How to use and report Bayesian hypothesis tests [post]

Zoltan Dienes
2020 unpublished
This article provides guidance on conducting Bayesian hypothesis tests and reporting them, in order to aid in their understanding. To use and report a Bayesian hypothesis test, predicted effect sizes must be specified. The paper will provide guidance in specifying effect sizes of interest (which also will be of relevance to those using frequentist statistics). First, if a minimally interesting effect size can be specified, a null interval is defined as the effects smaller in magnitude than the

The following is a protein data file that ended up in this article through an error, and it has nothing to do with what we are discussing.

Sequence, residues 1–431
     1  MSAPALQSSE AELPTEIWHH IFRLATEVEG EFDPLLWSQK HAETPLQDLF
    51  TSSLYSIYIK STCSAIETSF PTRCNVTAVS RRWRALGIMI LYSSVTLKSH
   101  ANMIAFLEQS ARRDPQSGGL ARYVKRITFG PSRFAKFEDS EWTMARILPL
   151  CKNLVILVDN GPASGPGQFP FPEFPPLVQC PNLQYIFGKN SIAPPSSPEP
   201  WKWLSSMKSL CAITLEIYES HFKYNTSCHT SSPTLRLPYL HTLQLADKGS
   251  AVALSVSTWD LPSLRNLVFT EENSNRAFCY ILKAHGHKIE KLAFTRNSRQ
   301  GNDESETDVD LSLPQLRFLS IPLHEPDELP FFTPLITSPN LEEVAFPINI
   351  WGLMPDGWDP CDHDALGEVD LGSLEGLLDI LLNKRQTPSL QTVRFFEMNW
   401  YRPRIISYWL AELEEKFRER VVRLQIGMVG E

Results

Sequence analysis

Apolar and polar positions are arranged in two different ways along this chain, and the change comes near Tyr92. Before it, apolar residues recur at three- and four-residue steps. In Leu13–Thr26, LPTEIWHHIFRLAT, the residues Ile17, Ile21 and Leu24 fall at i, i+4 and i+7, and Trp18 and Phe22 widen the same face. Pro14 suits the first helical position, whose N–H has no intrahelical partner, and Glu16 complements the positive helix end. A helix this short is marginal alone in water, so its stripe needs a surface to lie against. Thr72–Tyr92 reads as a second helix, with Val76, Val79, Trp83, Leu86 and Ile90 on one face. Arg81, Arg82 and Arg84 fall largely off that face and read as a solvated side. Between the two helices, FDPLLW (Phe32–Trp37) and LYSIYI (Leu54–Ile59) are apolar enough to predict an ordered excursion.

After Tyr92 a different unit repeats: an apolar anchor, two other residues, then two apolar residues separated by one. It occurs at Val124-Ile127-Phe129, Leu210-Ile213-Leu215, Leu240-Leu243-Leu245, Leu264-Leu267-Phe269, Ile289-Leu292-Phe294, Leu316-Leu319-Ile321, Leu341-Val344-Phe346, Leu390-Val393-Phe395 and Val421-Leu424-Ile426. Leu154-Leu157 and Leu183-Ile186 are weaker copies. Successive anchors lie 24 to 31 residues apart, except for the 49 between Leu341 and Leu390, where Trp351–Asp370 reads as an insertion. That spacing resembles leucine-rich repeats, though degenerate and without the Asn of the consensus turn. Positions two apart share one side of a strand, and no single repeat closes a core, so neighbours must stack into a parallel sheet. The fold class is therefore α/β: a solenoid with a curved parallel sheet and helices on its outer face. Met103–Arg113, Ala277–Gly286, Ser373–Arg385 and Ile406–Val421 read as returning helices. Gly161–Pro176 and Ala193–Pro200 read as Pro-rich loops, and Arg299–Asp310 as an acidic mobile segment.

more » ... inimally interesting effect. Then the proportion of the posterior distribution that falls in the null interval indicates the plausibility of the null interval hypothesis. Second, if a rough scale of effect can be determined, a Bayes factor can indicate evidence for a model representing that scale of effect versus a model of H0. Both methods allow data to count against a theory that predicts a difference. By contrast, non-significance does not count against such a theory.
doi:10.31234/ fatcat:kdqjdglp3fbfhnuj5avy4bmh3i